However, the approach may be changing. Mike Jones, CEO of Waco, Texas-based SimpleBills, has noticed a shift toward billing students for “actual usage,” a service that SimpleBills provides. The company offers billing management, including billing students for actual usage, collecting payment from multiple roommates, paying the utility providers, and pro-rating bills based on move-in and move-out dates, as well as handling any utility bill conflicts that may arise.
Some operators, like Philadelphia-based Campus Apartments, have already partneredwith energy/utility management companies and are reaping the benefits, while others, like Memphis, Tenn.-based EdR, are currently vetting companies to find the best fit for their needs.
Both Campus Apartments and EdR turned to third-party management companies to help reduce energy and utility costs and streamline billing processes. As nationwide operators, the companies need to partner with a management team that has experience in the student housing space and multi-state knowledge of rules and regulations.
One way communities are saving money is through water conservation and management, particularly through the use of submeters and bill monitoring.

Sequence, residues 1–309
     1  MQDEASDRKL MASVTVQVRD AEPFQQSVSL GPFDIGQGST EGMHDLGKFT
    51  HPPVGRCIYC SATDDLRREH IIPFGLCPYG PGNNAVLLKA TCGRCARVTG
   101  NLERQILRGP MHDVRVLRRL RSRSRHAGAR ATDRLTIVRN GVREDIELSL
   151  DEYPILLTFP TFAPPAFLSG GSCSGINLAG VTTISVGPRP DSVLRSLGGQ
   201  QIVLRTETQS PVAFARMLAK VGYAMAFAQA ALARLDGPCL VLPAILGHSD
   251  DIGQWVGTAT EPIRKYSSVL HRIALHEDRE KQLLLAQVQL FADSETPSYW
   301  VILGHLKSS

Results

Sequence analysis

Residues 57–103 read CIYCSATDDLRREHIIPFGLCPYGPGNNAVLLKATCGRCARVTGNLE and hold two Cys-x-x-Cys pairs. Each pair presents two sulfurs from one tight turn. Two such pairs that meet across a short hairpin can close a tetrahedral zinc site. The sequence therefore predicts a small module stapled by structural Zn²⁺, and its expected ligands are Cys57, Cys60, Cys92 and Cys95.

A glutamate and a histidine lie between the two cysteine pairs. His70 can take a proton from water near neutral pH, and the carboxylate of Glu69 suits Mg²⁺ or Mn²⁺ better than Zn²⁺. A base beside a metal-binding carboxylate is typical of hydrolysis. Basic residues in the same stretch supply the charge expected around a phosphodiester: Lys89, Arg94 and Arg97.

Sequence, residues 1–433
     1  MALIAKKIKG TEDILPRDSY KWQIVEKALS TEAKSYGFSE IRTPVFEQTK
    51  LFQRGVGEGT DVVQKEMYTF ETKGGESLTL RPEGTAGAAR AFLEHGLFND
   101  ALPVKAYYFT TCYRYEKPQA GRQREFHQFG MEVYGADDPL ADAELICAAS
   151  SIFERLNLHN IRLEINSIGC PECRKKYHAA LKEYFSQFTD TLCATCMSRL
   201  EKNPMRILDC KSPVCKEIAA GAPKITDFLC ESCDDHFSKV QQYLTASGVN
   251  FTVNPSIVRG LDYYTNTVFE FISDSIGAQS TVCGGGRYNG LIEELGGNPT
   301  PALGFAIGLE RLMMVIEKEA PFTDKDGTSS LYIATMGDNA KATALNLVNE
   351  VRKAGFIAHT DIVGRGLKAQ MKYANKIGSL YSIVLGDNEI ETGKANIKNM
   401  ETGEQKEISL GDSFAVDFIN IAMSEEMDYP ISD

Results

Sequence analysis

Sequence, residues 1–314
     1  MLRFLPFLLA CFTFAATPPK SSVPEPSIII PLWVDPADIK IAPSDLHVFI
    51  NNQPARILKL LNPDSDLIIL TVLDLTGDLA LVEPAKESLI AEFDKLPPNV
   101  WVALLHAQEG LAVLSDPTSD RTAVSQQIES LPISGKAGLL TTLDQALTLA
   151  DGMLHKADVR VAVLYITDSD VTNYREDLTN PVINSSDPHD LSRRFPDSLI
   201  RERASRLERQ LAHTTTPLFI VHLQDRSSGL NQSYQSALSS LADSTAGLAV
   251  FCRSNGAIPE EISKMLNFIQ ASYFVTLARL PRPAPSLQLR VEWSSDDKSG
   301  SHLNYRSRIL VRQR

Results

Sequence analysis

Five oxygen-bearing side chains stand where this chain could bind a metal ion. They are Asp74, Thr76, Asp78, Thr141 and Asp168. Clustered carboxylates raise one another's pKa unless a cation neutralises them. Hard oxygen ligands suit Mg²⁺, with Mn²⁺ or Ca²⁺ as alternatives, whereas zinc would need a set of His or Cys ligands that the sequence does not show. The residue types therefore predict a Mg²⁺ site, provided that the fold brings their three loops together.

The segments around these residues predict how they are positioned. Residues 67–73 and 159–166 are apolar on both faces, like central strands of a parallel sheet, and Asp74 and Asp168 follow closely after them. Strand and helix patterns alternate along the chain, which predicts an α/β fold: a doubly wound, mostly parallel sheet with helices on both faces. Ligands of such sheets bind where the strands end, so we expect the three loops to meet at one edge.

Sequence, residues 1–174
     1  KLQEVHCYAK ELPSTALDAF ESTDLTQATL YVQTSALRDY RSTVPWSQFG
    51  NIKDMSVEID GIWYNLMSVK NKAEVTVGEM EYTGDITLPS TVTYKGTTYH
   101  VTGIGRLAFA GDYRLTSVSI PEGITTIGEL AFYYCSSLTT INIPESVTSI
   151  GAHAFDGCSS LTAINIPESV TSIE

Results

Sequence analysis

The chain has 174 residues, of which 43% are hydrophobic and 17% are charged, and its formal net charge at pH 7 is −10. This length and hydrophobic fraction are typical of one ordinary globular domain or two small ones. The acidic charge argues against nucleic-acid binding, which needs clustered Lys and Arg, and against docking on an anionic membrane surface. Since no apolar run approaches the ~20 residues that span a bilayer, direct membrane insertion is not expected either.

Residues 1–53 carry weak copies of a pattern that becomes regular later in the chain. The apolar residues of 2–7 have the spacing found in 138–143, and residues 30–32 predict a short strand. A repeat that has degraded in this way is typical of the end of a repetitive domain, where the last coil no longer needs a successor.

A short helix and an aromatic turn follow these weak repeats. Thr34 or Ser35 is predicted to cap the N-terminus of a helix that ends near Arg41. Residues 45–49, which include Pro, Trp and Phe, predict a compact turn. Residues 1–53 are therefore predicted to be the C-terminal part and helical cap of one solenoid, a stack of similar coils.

“A study conducted by the National Multi-Housing Council and the National Apartment Association found an 18 to 39 percent reduction in water consumption in individually metered apartments compared to apartments that include water expenses in rent,” notes Bill Kirk, executive vice president of Branchburg, N.J.-based Byram Laboratories.
Lowering water usage and expenditures for a community is tricky, but Campus Apartments has found ways to save across a few properties since partnering with Conservice, which offers nationwide service. For a community in Maryland, Conservice evaluated the property’s water usage and discovered an irregularity in the billing that lead to a recovery of $158,000 in overpaid utilities for the property. Additionally, Conservice’s full-service offerings helped Campus Apartments single-out a water pressure issue at a North Carolina property that was creating disparities in unit usages.
“This is one of those fields that requires a certain level of expertise and knowledge,” says Miles Orth, COO of Campus Apartments. “We operate in 26 states and need the knowledge to know what works in each state—something that’s right in one state may be a violation in another, which can put your properties in jeopardy.”
EdR is currently vetting energy and utility managers to find services that best fit the needs of its national portfolio.
“We typically spend somewhere in the neighborhood of $8 to 10 million a year on utility expenses portfolio-wide,” says Scott Casey, chief technology officer and senior vice president of strategic business development for EdR. “By partnering with a third-party vendor, we hope to see a significant reduction in energy and utility spending across our entire portfolio along with implementing programs to simplify the overall process for our property staff.”